Two years after having recorded Aurora, which Gérard Terronès released on his Futura Records label in 1971, the Théâtre du Chêne Noir put on another show, Miss Madona, first at Avignon, and then at Ariane Mnouchkine’s Théâtre du Soleil. Fromthis play, Gérard Gelas’ group took three sound extracts which they made, with no further ado, into a single.Miss Madona is thus the second recording by Théâtre du Chêne Noir. The two sides(and three tracks) offer up an unbelievable instrumental theatre with something of a white magic ritual about it. The actors, so much better for the record, were also musicians; alongside Miss Madona, ex-star of the circus and now idol, were the piano and electric organ of Daniel Dublet, the saxophones of Pierre Surtel and Jean-Louis Canaud, and the trumpet of Gilbert Say. But there are also the vocals of Beatrice Le Thierry, Bénédicte Maulet, Jean Paul Chazalon, Monik Lamy, Nicole Aubiat... which added to the mystery of what happened on stage. The sound of this particular theatre may remind us as much of John Coltrane as of Ravi Shankar, Pierre Henry or the Art Ensemble of Chicago. There are voices from beyond the grave, inspirational for future musicians: Steven Stapleton, for example who included Théâtre du Chêne Noir in his Nurse With Wound List. On the occasion of Record Store Day 2020, Souffle Continu, who are just to reissue Aurora, can be proud of re-releasing this single, which is rare in more ways than one.

LE THÉÂTRE DU CHÊNE NOIR – MISS MADONA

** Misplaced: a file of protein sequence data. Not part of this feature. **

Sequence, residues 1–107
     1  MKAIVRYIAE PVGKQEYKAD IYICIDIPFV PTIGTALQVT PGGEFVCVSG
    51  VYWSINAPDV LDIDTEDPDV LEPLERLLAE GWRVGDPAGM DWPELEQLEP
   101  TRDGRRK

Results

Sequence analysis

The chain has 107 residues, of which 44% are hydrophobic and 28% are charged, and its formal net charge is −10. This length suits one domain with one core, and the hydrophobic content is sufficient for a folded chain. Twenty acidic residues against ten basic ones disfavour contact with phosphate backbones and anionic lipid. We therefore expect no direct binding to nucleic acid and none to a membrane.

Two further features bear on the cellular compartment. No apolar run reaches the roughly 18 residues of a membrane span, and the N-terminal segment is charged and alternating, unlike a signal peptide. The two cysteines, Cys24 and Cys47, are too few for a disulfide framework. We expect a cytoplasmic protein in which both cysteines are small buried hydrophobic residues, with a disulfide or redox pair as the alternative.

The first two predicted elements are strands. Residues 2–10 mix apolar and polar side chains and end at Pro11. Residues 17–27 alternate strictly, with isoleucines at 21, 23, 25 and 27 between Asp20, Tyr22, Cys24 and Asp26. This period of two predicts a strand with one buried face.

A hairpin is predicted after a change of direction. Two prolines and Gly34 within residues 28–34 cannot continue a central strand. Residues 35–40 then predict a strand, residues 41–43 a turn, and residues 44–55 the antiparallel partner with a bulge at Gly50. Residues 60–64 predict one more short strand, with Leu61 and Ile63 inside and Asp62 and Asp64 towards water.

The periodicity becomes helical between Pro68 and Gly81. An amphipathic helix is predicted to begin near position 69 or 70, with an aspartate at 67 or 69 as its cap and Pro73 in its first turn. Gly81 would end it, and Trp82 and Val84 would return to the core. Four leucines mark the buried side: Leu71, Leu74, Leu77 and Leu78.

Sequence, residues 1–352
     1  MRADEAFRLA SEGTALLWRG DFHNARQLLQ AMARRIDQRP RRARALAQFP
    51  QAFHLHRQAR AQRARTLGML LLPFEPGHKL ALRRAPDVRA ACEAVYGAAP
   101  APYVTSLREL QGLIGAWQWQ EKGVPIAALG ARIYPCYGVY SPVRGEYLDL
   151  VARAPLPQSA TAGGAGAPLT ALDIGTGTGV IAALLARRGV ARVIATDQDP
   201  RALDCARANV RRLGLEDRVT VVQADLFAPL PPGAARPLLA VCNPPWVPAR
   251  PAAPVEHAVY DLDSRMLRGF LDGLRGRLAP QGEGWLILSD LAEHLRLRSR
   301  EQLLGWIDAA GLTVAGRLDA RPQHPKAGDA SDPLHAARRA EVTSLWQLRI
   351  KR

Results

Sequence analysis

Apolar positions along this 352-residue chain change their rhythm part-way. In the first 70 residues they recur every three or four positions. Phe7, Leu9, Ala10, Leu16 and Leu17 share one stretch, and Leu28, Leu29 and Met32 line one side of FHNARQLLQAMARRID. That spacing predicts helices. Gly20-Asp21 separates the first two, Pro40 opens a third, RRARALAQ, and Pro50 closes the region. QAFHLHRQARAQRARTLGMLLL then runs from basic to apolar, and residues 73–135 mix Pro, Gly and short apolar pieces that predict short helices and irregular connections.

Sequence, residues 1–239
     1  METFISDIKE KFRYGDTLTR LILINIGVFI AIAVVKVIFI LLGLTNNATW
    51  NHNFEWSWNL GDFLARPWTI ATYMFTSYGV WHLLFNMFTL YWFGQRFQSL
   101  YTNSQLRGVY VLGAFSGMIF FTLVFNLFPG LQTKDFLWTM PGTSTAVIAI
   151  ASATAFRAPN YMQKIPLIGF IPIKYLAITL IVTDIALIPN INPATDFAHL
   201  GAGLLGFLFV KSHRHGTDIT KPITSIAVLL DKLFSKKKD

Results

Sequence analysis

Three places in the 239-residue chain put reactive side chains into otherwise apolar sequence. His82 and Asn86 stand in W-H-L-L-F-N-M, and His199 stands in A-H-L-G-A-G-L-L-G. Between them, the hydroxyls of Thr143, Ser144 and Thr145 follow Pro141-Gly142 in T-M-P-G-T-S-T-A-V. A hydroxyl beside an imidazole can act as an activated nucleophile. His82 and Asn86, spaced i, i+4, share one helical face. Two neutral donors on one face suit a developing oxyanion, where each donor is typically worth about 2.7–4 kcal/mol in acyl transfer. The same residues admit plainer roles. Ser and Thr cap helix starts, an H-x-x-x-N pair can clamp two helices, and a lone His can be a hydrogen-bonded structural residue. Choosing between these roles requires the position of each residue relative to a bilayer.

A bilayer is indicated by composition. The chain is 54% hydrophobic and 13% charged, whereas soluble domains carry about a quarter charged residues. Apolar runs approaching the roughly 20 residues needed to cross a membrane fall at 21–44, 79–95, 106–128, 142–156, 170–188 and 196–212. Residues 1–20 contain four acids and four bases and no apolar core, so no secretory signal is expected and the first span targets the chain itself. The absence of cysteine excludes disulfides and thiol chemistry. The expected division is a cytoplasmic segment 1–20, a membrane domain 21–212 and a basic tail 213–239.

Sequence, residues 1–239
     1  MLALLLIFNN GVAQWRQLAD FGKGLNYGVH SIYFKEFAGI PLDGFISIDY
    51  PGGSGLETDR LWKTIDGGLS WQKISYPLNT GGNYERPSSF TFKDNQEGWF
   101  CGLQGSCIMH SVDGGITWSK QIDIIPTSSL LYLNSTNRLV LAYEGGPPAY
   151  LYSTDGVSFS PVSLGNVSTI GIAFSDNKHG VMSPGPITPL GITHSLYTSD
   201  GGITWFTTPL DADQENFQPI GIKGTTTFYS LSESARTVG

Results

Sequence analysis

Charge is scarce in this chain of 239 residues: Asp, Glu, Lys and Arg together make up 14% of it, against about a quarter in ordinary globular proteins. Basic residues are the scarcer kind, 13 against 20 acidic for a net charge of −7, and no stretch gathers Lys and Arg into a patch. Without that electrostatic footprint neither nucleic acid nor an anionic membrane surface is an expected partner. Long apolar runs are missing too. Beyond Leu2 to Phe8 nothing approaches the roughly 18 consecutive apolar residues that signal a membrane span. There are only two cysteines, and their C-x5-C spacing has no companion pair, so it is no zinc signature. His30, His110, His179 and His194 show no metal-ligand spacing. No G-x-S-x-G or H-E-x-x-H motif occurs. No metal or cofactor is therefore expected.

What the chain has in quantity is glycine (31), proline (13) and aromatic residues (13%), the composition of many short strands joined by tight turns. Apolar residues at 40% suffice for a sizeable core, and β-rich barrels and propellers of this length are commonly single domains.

This recording is not a "best of", it is a reflection of Tori Kudo's evolution as a composer, from playing with seasoned musicians, to playing with people just starting out, from playing with meticulous scores, to playing call & response melodies written down, to the songs here on "Je est un Autre": instant improvisations based on keyboard compositions that Tori plays for the group. Yes, that is it. He plays a recording of himself on the keyboard, with singing or humming sometimes and he leaves it to the "big band" to interpret this on the spot. Sometimes, you can make out the melody, other times it is quite obscure, as if a sort of common shyness flows out of the collected instrumentarium.And other times, well, it is a big party.Mr Kudo and the group were invited to tour Europe to celebrate 20 years of the project Le Ton Mité, members of which are absorbed into the ensemble. The recording evolves from the static sound of hermetic conditions to the live concert in the later tracks. The studio here, is a trendy concert hall in Brussels Les Ateliers Claus. You hear the applause of the brave ears that weathered the ride of accidental psychedelia & moiré of various notes fading into and out of each other. This is only a sliver of the material from the 20 hour recording marathon documenting the new composing/playing style of Mr Kudo & snippets from the last concert of the March 2018 tour. Perhaps the album should be called "Je est un autre : Volume 1" in a vague reference to "My Brother The Wind" series from Sun Ra. In any case, here you have four sides of ten inch vinyl to take you on a journey into Maher: Je est un autre...  --- Tori Kudo : electric guitar, keyboard, voiceMikiko Suzuki : electric guitarMarina Shibazaki : electric guitarCorneliiiii : acoustic guitar, melodionNaoki Otani : trumpet, voiceChie Ozeki : trombone, bass, fluteJunko Harada : euphoniumTakahashi Tsukasa : drums, percussionJunko Suzuki : percussionsMomoko Maejima : pianicaShiu Yeung Hui : violin, melodicaEric Kinny : slide guitar, mandolinZach Phillips : bassJeremy Latch : clarinetEleonore Kenis : alto saxophoneMcCloud Zicmuse : bassoon, alto clarinet, recorder, chanter, synthisizer, voiceHans Bloemmen : tenor saxophoneOona Libens : musical sawFrançois Schultz : musical sawRecorded 18 & 24 March 2018 at Ateliers Claus, St Gilles, BelgiumEngineer : Christophe AlbertijnMixed by Tori Kudo at at Village Hototoguiss studio Dogo, Ehime, Japanall compositions by Tori Kudo exceptRecercada segunda sobre el canto llano "La Spagna" by Diego Ortiz (c. 1510 - c. 1570)Les Barricades Mystérieuses by François Couperin (1668 - 1733)Crickets by Jim Wilson